Any combination of one or more computer readable medium(s) may be utilized. The computer readable medium may be a computer readable signal medium or a computer readable storage medium. A computer readable storage medium may be, for example, but not limited to, an electronic, magnetic, optical, electromagnetic, infrared, or semiconductor system, apparatus, or device, or any suitable combination of the foregoing. More specific examples (a non-exhaustive list) of the computer readable storage medium would include the following: an electrical connection having one or more wires, a portable computer diskette, a hard disk, a random access memory (RAM), a read-only memory (ROM), an erasable programmable read-only memory (EPROM or Flash memory), an optical fiber, a portable compact disc read-only memory (CD-ROM), an optical storage device, a magnetic storage device, or any suitable combination of the foregoing. In the context of this document, a computer readable storage medium may be any tangible medium that can contain, or store a program for use by or in connection with an instruction execution system, apparatus, or device.

A computer readable signal medium may include a propagated data signal with computer readable program code embodied therein, for example, in baseband or as part of a carrier wave. Such a propagated signal may take any of a variety of forms, including, but not limited to, electro-magnetic, optical, or any suitable combination thereof. A computer readable signal medium may be any computer readable medium that is not a computer readable storage medium and that can communicate, propagate, or transport a program for use by or in connection with an instruction execution system, apparatus, or device.

Program code embodied on a computer readable medium may be transmitted using any appropriate medium, including but not limited to wireless, wireline, optical fiber cable, RF, etc., or any suitable combination of the foregoing.

Computer program code for carrying out operations for aspects of the present invention may be written in any combination of one or more programming languages, including an object oriented programming language such as Java, Smalltalk, C++ or the like and conventional procedural programming languages, such as the “C” programming language or similar programming languages. The program code may execute entirely on the user's computer, partly on the user's computer, as a stand-alone software package, partly on the user's computer and partly on a remote computer or entirely on the remote computer or server. In the latter scenario, the remote computer may be connected to the user's computer through any type of network, including a local area network (LAN) or a wide area network (WAN), or the connection may be made to an external computer (for example, through the Internet using an Internet Service Provider).

Aspects of the present invention are described below with reference to flowchart illustrations and/or block diagrams of methods, apparatus (systems) and computer program products according to embodiments of the invention. It will be understood that each block of the flowchart illustrations and/or block diagrams, and combinations of blocks in the flowchart illustrations and/or block diagrams, can be implemented by computer program instructions. These computer program instructions may be provided to a processor of a general purpose computer, special purpose computer, or other programmable data processing apparatus to produce a machine, such that the instructions, which execute via the processor of the computer or other programmable data processing apparatus, create means for implementing the functions/acts specified in the flowchart and/or block diagram block or blocks.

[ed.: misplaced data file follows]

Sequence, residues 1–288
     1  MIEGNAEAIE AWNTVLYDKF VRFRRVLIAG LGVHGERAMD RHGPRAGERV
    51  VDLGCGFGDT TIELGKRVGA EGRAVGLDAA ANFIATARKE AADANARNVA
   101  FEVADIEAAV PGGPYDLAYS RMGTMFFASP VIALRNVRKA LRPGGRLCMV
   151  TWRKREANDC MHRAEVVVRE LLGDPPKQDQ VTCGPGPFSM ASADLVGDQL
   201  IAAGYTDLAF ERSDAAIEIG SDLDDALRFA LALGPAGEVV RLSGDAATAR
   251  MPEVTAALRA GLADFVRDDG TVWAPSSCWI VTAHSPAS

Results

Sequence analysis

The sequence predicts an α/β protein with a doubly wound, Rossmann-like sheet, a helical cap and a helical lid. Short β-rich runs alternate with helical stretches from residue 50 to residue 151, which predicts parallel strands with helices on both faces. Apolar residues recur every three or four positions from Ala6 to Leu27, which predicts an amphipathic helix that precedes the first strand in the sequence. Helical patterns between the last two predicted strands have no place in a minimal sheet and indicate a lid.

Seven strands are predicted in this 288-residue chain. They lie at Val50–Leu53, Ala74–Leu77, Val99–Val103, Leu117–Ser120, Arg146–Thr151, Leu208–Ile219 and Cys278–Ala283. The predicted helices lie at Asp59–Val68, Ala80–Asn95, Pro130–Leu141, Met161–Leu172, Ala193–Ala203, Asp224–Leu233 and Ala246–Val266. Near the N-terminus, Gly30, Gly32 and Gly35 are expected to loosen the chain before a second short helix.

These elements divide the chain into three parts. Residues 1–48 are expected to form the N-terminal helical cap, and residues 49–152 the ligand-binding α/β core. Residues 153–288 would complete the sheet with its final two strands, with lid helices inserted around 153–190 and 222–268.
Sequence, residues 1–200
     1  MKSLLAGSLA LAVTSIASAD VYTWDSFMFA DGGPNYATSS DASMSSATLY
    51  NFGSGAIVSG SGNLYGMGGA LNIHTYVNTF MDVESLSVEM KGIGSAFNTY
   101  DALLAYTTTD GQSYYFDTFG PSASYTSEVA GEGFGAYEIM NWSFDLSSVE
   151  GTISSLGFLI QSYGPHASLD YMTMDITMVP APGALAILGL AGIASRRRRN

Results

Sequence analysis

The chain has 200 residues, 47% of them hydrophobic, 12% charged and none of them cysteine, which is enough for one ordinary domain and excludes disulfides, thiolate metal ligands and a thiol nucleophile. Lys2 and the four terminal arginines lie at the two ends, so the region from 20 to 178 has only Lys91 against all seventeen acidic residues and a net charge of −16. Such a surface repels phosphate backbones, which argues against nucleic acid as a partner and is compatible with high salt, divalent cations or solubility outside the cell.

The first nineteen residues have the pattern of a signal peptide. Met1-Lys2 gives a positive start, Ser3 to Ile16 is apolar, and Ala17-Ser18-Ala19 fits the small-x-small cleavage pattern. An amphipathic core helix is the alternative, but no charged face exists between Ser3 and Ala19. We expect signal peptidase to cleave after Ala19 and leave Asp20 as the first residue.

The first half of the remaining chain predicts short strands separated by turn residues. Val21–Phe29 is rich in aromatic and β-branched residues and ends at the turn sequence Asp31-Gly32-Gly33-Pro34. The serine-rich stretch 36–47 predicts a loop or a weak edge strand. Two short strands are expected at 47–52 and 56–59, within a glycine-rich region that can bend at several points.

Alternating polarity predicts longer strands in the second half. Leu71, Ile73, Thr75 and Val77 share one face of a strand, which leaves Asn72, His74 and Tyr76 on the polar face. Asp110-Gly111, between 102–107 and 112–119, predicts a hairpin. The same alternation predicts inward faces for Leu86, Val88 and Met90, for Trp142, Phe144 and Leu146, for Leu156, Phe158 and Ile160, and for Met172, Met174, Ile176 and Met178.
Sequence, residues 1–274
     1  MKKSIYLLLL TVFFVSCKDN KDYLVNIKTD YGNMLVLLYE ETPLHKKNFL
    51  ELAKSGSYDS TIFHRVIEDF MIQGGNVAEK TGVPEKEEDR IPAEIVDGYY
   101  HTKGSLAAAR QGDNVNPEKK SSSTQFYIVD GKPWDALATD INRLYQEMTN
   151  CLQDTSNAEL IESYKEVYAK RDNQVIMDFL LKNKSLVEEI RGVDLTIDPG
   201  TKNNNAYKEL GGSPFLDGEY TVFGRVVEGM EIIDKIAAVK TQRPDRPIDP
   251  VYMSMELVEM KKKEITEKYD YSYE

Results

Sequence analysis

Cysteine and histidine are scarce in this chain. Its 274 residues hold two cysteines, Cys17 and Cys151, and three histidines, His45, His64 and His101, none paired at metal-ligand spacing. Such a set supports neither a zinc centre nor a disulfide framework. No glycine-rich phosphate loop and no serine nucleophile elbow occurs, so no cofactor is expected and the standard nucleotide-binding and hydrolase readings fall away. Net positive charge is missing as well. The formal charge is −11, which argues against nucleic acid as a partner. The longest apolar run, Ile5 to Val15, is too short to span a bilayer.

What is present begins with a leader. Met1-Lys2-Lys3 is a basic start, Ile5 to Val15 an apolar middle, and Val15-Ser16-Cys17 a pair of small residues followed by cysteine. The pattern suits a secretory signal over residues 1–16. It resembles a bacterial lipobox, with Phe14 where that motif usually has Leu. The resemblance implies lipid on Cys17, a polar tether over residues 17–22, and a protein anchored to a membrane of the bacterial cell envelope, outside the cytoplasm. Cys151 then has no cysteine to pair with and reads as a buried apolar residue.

These computer program instructions may also be stored in a computer readable medium that can direct a computer, other programmable data processing apparatus, or other devices to function in a particular manner, such that the instructions stored in the computer readable medium produce an article of manufacture including instructions which implement the function/act specified in the flowchart and/or block diagram block or blocks.

The computer program instructions may also be loaded onto a computer, other programmable data processing apparatus, or other devices to cause a series of operational actions to be performed on the computer, other programmable apparatus or other devices to produce a computer implemented process such that the instructions which execute on the computer or other programmable apparatus provide processes for implementing the functions/acts specified in the flowchart and/or block diagram block or blocks. Provided are techniques for the analysis and estimation of the impact of system wide performance by a modified software product or prototype. Using a baseline test plus a series of individual performance measurement data points collected over time, the testing of separate functional components of an overall software product or prototype is performed. Individual components may be incrementally added or modified over time in a series of ‘builds’ or packages.

Turning now to the figures, FIG. 1 is one example of a computing system architecture 100 that may implement the claimed subject matter. A computing system system 102 includes a central processing unit (CPU) 104 with one or more processors (not shown), a monitor 106, a keyboard 108 and a pointing device, or “mouse,” 110, which together facilitate human interaction with computing system 100 and computing system 102. Also included in computing system 102 and attached to CPU 104 is a computer-readable storage medium (CRSM) 112, which may either be incorporated into computing system 102 i.e. an internal device, or attached externally to CPU 104 by means of various, commonly available connection devices such as but not limited to, a universal serial bus (USB) port (not shown). CRSM 112 is illustrated storing an operating system (OS) 114, a Software Module Performance State Collector (SMPSC) 116, a Software Module Performance State Analyzer (SMPSA) 118, a compiler 120; a baseline module, or simply “baseline,” 122; and two application prototypes, i.e., a proto1 124 and a proto2 126. Each of prototypes 124 and 126 include a group of modules, i.e., a mods1 125 and a mods2 127, respectively. Modules 125 and 127 represent modules, or components, of the corresponding prototypes 124 and 126 that have been changed with respect to baseline 122. It should be understood that mods1 125 and mods2 127 may include the same components, completely different components or a composite of same and different components. Baseline 122, prototypes 124 and 126 and modules 125 and 127 are used as examples for the purposes of illustration.